Please tell us a little about your background in education.
When I started university twenty years ago I thought that I would like to be a psychologist, maybe a school counsellor. My understanding that was that you needed both a psych degree and a teaching degree to be a school counsellor. I got into pyschology and studied that for three years before switching to study education, as I no longer wanted a psychologist. My husband (@mrstevennewman) is a teacher and our three kids are all at different points in the education system – we’ve got one in early childhood care, one in primary school and one in high school – so education is a big focus within our household.
Why did you decide to become involved in education?
I ended up in education serendipitously. During my third of university I was getting disillusioned with psychology and enrolled in an educational philosophy subject which I thought would be more fun than the other statistics subjects I was taking. I did well in the course and was invited to do Honours by the course coordinator. I wasn’t enjoying psych anymore so it seemed like a good idea. I followed Honours with a phd. The phd took a while as I did it part time while having kids.
What are some of the roles you’ve had and what does your current role involve?
I’ve always been an educator of adults. I started out tutoring at university while I was an Honours student teaching educational philosophy. Then towards the end of my phd I was tutoring educational sociology. I submitted my thesis and started as a lecturer in the School of Education at the University of Newcastle on the same day. I teach in educational foundations – which covers a lot of territory. I’ve taught professional ethics, first year foundation courses and educational sociology to preservice teachers (early childhood, primary and secondary) and teachers in our Masters of Educational Leadership program. I teach online courses on politics and policy, and change management. While I love face-to-face teaching, I enjoy teaching on the online Masters courses as I get to hear about what teachers are doing across the country and around the world.
My current role is course coordinating our educational sociology course – which is a big compulsory course for all our preservice teachers. This semester we have about 700 students enrolled. In my role I manage the curriculum and assessment in the course, as well as manage and mentor the 13 other tutors on the course (a mixture of full-time academics like myself and casual tutors). I’m also running an online masters subject which is very small by comparison – it’s just me teaching the cohort.
In addition to my teaching responsibilities I’m also a researcher. My interests are in educational technology, policy and equity and I’m currently working a project with some local school that looks at the use of immersive VR in classrooms.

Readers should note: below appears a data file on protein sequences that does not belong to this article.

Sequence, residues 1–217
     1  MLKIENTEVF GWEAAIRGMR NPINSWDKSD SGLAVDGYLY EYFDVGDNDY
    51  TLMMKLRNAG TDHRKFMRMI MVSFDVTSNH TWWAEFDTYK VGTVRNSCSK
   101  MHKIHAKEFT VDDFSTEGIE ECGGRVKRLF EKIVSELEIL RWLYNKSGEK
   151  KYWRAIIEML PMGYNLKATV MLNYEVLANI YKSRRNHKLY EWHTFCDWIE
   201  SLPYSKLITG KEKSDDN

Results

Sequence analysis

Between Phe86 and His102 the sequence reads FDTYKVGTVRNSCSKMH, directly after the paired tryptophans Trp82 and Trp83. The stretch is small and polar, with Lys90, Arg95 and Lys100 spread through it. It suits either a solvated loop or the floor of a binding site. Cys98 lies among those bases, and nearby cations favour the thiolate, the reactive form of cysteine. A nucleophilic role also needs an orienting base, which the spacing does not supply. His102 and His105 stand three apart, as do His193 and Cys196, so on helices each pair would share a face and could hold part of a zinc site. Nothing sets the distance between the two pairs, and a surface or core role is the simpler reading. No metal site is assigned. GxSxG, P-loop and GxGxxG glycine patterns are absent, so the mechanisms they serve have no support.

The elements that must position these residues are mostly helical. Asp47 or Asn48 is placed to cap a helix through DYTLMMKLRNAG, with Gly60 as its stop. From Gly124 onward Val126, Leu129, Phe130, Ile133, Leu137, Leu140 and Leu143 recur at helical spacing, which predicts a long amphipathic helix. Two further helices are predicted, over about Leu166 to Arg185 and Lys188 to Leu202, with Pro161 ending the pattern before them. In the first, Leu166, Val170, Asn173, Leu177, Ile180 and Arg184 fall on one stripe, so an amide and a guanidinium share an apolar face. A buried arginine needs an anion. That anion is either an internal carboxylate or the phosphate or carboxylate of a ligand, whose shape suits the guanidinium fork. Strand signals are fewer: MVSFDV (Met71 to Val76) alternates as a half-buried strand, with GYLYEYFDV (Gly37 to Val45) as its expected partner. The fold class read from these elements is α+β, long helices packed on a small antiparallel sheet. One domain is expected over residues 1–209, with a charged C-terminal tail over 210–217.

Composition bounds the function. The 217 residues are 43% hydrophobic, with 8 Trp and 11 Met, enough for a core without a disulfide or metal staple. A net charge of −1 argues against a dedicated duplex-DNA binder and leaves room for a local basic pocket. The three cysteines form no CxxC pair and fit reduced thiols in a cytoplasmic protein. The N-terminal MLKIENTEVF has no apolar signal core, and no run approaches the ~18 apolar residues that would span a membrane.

Who or what keeps you inspired and motivated in your work?
In terms of teaching, it is seeing students find their passion. Their enthusiasm is contagious. Regarding my research I love learning new things – so whether I learn things from the readings I’m engaged in, or find new out in the course of our projects it’s always exciting to make new discoveries.
What do you see as some of the biggest rewards and challenges for people working in education today?
From knowing and talking to teachers the challenges come in the disconnect between the policy environment and the lived context in which they work. In it’s current form, the education system is emphasising standardisation. However, many teachers want to meet the varied ends of the students of they have. A system that focuses on basic skills, a narrow prescriptive curriculum with high levels of accountability makes this difficult. In my context within higher education we feel the difficulties of the policies imposed by the NSW government (Good Teaching, Inspired Learning) the Federal government (The Literacy and Numeracy Test for Initial Teacher Education) and the accreditation requirements of TESQA and NESA. These multiple policy frameworks make it difficult to design a cohesive degree that makes the needs of multiple education systems and preservice teachers.
The rewards comes when you know you have done a good job. When you know you have helped a student, or improved a course.
If you had the ability to make changes to the education system in Australia, what would you do?
I’d changes the policies that are feeding the residualisation of disadvantage in Australia. This might involve disconnecting the publication of NAPLAN and the MySchool website – so NAPLAN becomes lower stakes and diagnostic (as intended). I like to see the vocational educational options improved so that these can better articulate to real pathways into the workforce. I think that the curriculum should be less prescriptive so that teachers have more flexibility to meet the needs of their students and funding sorted so it’s less politicised and we can target resources at the schools that need it most.
What role do you see EduTweetOz playing on the education scene in Australia and what are your hopes for the account this week?
I see EduTweetOz as a great resource for connecting people in different educational sectors – to see the system as a whole and get a sense of the different people undertaking different roles within the system. It can allow others an opportunity to hear the voices of fellow educators and to consider alternate perspectives. As for me, I hope to learn from those that I interact with this week. I hope to enjoy myself and meet other educators also the country.